In the past ten years computers have become so powerful that small performance tweaks and good coding standards and practices are overlooked. The reason for this is because coders have very little reason to care about coding standards and practices these days. It used to be that if you wrote sloppy code or didn’t take the time to optimize your code, you saw a drastic decrease in the performance of your program or script. Now that computers are as powerful as they are, even sloppy unoptimized code performs at such a high speed the loss of performance is barely noticeable.

At least that is what someone who writes code like that will tell you. At Storm Code we follow a best practices formula for writing optimized, performance driven code. If you run a small website with just a few scripts that are not often used, then you would notice very little difference (if any) between optimized code and unoptimized code. However, as your website grows in users and complexity the performance gap between unoptimized and optimized code grows larger quickly.

Several performance enhancing techniques can be used while coding. One of these examples is the use of single quotes instead of double quotes. An Example String using single quotes and double quotes in PHP:

echo ‘Hello World!'; // Single Quotes

echo “Hello World!”; // Double Quotes

In PHP, when using double quotes the parser looks for variables and formating information inside the String while using single quotes tells the parser not to look for variables and formatting information. Many coders use double quotes all the time for simplicity however this can cause a decrease in performance especially in large scripts that output a lot of information. Double quotes should only be used when formatting or variable matching is needed. This is one of many performance increasing best practices for PHP that Storm Code employs.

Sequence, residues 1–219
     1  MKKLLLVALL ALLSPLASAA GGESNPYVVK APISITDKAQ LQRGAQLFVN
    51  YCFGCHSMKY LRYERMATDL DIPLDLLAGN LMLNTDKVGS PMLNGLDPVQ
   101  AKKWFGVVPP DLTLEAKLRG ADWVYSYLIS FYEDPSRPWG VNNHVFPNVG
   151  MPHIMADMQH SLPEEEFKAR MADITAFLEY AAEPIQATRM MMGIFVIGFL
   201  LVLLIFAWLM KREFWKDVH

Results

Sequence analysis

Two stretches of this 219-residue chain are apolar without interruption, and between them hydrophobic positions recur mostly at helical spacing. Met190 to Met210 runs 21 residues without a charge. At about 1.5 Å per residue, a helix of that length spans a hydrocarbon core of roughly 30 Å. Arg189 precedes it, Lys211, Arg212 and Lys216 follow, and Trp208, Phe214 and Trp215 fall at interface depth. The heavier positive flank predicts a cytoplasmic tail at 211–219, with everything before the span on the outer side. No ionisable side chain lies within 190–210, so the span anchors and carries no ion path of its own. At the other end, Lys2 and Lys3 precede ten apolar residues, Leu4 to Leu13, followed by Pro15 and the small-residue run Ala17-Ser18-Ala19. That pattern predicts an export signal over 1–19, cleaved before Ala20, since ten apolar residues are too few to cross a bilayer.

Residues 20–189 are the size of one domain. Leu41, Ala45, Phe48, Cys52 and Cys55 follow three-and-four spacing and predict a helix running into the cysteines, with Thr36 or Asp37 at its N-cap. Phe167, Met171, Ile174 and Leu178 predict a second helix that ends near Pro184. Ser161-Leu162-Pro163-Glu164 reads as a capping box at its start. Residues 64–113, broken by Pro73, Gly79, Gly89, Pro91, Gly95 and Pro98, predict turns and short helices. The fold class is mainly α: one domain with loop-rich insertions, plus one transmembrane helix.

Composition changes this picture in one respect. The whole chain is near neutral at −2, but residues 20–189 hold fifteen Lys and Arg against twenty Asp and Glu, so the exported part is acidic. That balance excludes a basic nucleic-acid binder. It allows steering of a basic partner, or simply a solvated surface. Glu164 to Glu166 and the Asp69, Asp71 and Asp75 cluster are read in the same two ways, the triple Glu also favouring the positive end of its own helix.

The main thing to remember is that doing something right the first time will save you having to redo it again down the road. Just because a website does not have a large user base or complex functionality right now, does not mean that it will not in the future and keeping performance and optimization in mind when coding, or hiring coders will not only save you money, but also headaches.

Leave a Reply

Your email address will not be published.

You may use these HTML tags and attributes: <a href="" title=""> <abbr title=""> <acronym title=""> <b> <blockquote cite=""> <cite> <code> <del datetime=""> <em> <i> <q cite=""> <strike> <strong>